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silt

[silt]
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noun
  1. earthy matter, fine sand, or the like carried by moving or running water and deposited as a sediment.
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verb (used without object)
  1. to become filled or choked up with silt.
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verb (used with object)
  1. to fill or choke up with silt.
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Origin of silt

1400–50; late Middle English cylte gravel, perhaps orig. salty deposit; compare Old English unsylt unsalted, unseasoned, sylting seasoning, syltan to salt, season, Norwegian sylt salty swamp, German Sülze salt marsh, brine
Related formssil·ta·tion, nounsilt·y, adjectivede·silt, verb (used with object)
Can be confusedsand sediment silt
Dictionary.com Unabridged Based on the Random House Unabridged Dictionary, © Random House, Inc. 2018

Examples from the Web for silty

Historical Examples

  • Sometimes it seemed to make no headway at all against the heavy, silty current.

    Birthright

    T.S. Stribling

  • The flathead chub is found in silty water and often is the predominant species in streams that have high turbidity.

  • The silty soil preferred by the willow is scarce as both streams are actively eroding their channels.

  • A light to heavy silty loam, underlaid by a silty clay loam, is considered best.

    Apple Growing

    M. C. Burritt

  • By rubbing some of this between the fingers, both dry and wet, one can get a fair idea of how a silty soil should feel.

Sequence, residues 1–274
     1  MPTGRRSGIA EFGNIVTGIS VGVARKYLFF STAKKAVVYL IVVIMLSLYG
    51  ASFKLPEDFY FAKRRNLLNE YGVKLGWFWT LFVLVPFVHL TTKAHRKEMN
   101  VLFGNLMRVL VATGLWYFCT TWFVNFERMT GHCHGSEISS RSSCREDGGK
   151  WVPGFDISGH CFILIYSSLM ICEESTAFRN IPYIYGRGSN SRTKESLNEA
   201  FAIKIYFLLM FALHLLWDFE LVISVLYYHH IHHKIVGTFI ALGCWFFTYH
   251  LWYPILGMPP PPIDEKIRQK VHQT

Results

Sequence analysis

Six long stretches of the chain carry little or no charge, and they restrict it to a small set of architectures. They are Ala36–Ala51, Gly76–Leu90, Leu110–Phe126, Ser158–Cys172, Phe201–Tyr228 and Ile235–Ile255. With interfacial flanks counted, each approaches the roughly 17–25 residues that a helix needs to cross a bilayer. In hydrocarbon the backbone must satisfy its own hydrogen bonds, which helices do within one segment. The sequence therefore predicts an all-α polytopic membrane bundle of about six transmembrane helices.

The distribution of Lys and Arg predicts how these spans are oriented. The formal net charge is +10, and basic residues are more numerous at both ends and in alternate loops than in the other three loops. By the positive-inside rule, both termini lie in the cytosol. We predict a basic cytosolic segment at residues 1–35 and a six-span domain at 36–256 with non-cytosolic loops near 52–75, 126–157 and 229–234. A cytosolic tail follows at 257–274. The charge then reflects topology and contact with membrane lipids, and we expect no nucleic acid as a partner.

The First Book of Farming

    Charles L. Goodrich


British Dictionary definitions for silty

silt

noun
  1. a fine deposit of mud, clay, etc, esp one in a river or lake
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verb
  1. (usually foll by up) to fill or become filled with silt; choke
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Derived Formssiltation, nounsilty, adjective

Word Origin

C15: of Scandinavian origin; compare Norwegian, Danish sylt salt marsh; related to Old High German sulza salt marsh; see salt
Collins English Dictionary - Complete & Unabridged 2012 Digital Edition © William Collins Sons & Co. Ltd. 1979, 1986 © HarperCollins Publishers 1998, 2000, 2003, 2005, 2006, 2007, 2009, 2012

Word Origin and History for silty

silt

n.

mid-15c., originally "sediment deposited by seawater," probably from a Scandinavian source (cf. Norwegian and Danish sylt "salt marsh"), or from Middle Low German or Middle Dutch silte, sulte "salt marsh, brine," from Proto-Germanic *sultjo- (cf. Old English sealt, Old High German sulza "saltwater," German Sulze "brine"), from PIE *sal- (see salt (n.)).

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silt

v.

"to become choked with silt" (of river channels, harbors, etc.), 1799, from silt (n.). Related: Silted; silting.

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Online Etymology Dictionary, © 2010 Douglas Harper

silty in Science

silt

[sĭlt]
  1. A sedimentary material consisting of grains or particles of disintegrated rock, smaller than sand and larger than clay. The diameter of the particles ranges from 0.0039 to 0.0625 mm. Silt is often found at the bottom of bodies of water where it accumulates slowly by settling through the water.
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The American Heritage® Science Dictionary Copyright © 2011. Published by Houghton Mifflin Harcourt Publishing Company. All rights reserved.